Factoring health and related costs into decision making is essential to confronting the nation's health problems and enhancing public well-being, says a new report from the National Research Council, which adds that a health impact assessment (HIA) is a promising tool for use by scientists, communities, and government and private sector policymakers. The report offers guidance to officials in the public and private sectors on conducting HIAs to evaluate public health consequences of proposed decisions -- such as those to build a major roadway, plan a city's growth, or develop national agricultural policies -- and suggests actions that could minimize adverse health impacts and optimize beneficial ones.
"Medical care alone is inadequate for managing the increasing rates of costly and chronic diseases in individuals and in our society," said Richard J. Jackson, chair of the committee that wrote the report and professor and chair of environmental health sciences at the University of California, Los Angeles. "Increasingly, we learn the ways that economic, social, planning, and other policies can harm, but also promote, health. HIA is a way to help make these impacts evident both to policymakers and to the public."
The committee said that some policies and programs historically not recognized as relating to health are believed or known to have important health consequences. For example, public health has been linked to an array of policies that determine the quality and location of housing, availability of public transportation, land use and street connectivity, agricultural practices and the availability of various types of food, and development and location of businesses and industry.
The Role of Health Impact Assessment
Many countries and organizations around the world use HIA, and its use in the U.S. has slowly increased over the last 10 years. No U.S. laws specifically require these assessments, although some -- such as the National Environmental Policy Act (NEPA) -- require a consideration of health, which could be accomplished through HIA. Several approaches could be used to incorporate aspects of health into decision making, but HIA holds particular promise, the committee said, because of its applicability to a broad array of programs, consideration of both adverse and beneficial health effects, ability to consider and incorporate various types of evidence, and engagement of communities and stakeholders in a deliberative process. The committee noted that HIA should not be assumed to be the best approach to every health policy question but rather should be seen as part of a spectrum of public health and policy-oriented approaches.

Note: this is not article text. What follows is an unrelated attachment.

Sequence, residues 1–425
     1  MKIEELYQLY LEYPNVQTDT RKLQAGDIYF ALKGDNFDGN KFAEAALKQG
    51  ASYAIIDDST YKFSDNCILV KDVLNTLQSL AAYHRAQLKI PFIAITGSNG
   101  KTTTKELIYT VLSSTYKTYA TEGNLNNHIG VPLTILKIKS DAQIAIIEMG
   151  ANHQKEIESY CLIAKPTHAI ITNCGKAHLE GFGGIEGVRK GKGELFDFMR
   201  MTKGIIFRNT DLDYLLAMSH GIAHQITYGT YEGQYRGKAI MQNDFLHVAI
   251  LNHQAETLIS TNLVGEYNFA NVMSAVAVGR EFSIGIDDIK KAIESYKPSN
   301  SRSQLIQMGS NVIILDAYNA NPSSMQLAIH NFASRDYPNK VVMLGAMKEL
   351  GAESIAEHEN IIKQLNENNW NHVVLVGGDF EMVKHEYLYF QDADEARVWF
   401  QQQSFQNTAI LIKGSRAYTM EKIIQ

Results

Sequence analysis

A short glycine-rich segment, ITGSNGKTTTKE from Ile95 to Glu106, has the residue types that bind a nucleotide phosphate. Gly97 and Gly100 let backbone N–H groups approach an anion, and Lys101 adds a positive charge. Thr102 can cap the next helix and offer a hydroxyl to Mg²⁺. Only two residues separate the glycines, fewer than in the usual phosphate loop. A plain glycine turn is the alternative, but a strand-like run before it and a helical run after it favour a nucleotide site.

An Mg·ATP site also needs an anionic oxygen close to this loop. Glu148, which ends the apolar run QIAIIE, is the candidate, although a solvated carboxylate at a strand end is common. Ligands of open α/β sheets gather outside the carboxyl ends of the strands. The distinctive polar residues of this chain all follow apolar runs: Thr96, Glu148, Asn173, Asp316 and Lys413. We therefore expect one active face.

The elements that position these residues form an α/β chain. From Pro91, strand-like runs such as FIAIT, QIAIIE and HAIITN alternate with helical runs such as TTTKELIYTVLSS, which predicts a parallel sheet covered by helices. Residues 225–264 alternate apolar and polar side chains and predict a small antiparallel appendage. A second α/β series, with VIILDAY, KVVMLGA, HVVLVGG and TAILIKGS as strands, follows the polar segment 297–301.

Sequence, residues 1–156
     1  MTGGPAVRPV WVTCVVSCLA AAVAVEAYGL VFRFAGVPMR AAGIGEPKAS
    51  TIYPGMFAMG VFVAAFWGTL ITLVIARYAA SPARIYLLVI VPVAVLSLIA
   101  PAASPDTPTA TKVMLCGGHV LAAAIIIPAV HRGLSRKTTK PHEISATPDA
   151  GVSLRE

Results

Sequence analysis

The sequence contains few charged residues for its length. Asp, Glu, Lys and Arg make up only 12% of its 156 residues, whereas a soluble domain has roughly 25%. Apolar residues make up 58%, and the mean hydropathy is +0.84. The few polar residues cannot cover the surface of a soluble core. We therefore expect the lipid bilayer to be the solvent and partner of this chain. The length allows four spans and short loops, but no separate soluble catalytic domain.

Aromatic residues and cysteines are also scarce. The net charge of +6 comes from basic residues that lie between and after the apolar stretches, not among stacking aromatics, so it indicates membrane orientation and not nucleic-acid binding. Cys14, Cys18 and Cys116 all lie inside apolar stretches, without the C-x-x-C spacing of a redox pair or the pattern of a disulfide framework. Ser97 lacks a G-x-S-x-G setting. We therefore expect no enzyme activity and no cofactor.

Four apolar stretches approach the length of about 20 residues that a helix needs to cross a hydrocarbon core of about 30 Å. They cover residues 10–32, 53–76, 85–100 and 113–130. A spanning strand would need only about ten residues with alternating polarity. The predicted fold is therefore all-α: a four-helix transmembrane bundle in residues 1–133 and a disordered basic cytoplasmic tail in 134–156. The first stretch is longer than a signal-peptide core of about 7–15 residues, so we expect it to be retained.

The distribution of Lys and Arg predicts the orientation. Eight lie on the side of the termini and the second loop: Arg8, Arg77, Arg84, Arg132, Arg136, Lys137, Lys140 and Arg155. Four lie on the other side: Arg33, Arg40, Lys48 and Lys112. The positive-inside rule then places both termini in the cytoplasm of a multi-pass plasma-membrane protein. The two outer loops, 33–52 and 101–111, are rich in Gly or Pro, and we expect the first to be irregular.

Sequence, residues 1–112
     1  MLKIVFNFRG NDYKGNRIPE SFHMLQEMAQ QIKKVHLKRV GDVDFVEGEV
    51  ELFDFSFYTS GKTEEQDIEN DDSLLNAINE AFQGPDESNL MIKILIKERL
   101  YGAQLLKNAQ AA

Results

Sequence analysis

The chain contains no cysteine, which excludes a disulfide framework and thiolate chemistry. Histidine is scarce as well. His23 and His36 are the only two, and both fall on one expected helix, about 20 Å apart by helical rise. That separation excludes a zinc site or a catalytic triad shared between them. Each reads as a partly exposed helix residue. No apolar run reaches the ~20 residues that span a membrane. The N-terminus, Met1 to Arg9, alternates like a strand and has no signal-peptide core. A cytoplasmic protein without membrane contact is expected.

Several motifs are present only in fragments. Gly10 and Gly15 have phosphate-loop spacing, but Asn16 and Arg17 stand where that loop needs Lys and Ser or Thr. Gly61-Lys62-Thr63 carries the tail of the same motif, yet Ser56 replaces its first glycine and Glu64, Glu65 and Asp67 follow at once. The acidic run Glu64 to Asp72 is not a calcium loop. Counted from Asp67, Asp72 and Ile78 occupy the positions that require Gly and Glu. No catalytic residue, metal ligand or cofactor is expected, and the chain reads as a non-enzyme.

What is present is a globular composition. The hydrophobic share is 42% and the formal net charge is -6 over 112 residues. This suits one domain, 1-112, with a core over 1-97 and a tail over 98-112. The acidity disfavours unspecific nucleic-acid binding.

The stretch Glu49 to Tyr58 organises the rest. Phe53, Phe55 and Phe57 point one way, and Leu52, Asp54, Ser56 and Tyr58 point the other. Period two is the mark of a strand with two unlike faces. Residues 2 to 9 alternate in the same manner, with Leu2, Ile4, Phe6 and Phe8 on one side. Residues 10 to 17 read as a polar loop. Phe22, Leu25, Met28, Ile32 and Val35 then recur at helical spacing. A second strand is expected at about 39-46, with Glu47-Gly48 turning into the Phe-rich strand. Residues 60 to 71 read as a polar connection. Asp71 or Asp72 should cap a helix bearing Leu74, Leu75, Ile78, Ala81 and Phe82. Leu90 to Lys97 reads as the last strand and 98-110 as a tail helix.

The committee presented a six-step framework for conducting HIA of proposed policies, programs, plans, and projects at federal, state, tribal, and local levels, including within the private sector. The six steps are: screening to see whether HIA is warranted; identifying populations that will be affected and health effects to evaluate; assessing beneficial and adverse health effects of the proposal and each alternative; recommending specific actions to minimize or mitigate adverse effects; reporting the findings and recommendations to decision makers and the public; and monitoring and evaluating, for example to track changes resulting from implementing HIA recommendations.
In addition, the committee identified several challenges to the successful use of HIA, such as balancing the need to provide timely information with the realities of variations in data, producing quantitative estimates of health effects, and engaging stakeholders. Moreover, HIA could be integrated into environmental impact assessment (EIA) because the steps and approaches of HIA and EIA are compatible. Under NEPA and some state laws, the identification and analysis of health effects is required when EIA is conducted. Although substantive challenges exist, bringing health into EIA practice under NEPA and state laws would advance the goal of improving public health, the committee concluded.
The study was sponsored by the Robert Wood Johnson Foundation, National Institute of Environmental Health Sciences, California Endowment, and Centers for Disease Control and Prevention. The National Academy of Sciences, National Academy of Engineering, Institute of Medicine, and National Research Council make up the National Academies. They are independent, nonprofit institutions that provide science, technology, and health policy advice under an 1863 congressional charter. Panel members, who serve pro bono as volunteers, are chosen by the Academies for each study based on their expertise and experience and must satisfy the Academies' conflict-of-interest standards. The resulting consensus reports undergo external peer review before completion.
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